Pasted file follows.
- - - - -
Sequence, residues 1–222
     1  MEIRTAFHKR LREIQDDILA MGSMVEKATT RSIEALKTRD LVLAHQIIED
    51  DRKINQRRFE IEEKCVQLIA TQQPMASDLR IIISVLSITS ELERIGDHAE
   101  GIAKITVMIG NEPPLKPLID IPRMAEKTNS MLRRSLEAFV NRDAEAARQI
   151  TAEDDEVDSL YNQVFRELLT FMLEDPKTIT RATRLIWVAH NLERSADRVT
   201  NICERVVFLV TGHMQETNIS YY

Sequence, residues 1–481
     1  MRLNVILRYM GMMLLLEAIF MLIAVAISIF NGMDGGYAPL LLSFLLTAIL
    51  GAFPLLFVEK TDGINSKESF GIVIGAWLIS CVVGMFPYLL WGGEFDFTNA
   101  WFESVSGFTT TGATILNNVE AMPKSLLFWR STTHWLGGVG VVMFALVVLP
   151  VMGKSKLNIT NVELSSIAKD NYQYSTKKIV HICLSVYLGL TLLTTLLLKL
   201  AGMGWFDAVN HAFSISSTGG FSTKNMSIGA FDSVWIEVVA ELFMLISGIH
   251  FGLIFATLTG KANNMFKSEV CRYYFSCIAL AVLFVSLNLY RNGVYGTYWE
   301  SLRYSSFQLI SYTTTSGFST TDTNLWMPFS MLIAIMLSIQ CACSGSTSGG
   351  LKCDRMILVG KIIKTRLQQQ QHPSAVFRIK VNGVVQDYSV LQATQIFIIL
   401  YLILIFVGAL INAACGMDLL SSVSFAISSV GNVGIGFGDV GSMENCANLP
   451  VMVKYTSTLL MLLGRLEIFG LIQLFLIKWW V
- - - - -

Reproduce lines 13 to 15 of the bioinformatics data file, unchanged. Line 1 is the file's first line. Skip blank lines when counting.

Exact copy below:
   251  FGLIFATLTG KANNMFKSEV CRYYFSCIAL AVLFVSLNLY RNGVYGTYWE
   301  SLRYSSFQLI SYTTTSGFST TDTNLWMPFS MLIAIMLSIQ CACSGSTSGG
   351  LKCDRMILVG KIIKTRLQQQ QHPSAVFRIK VNGVVQDYSV LQATQIFIIL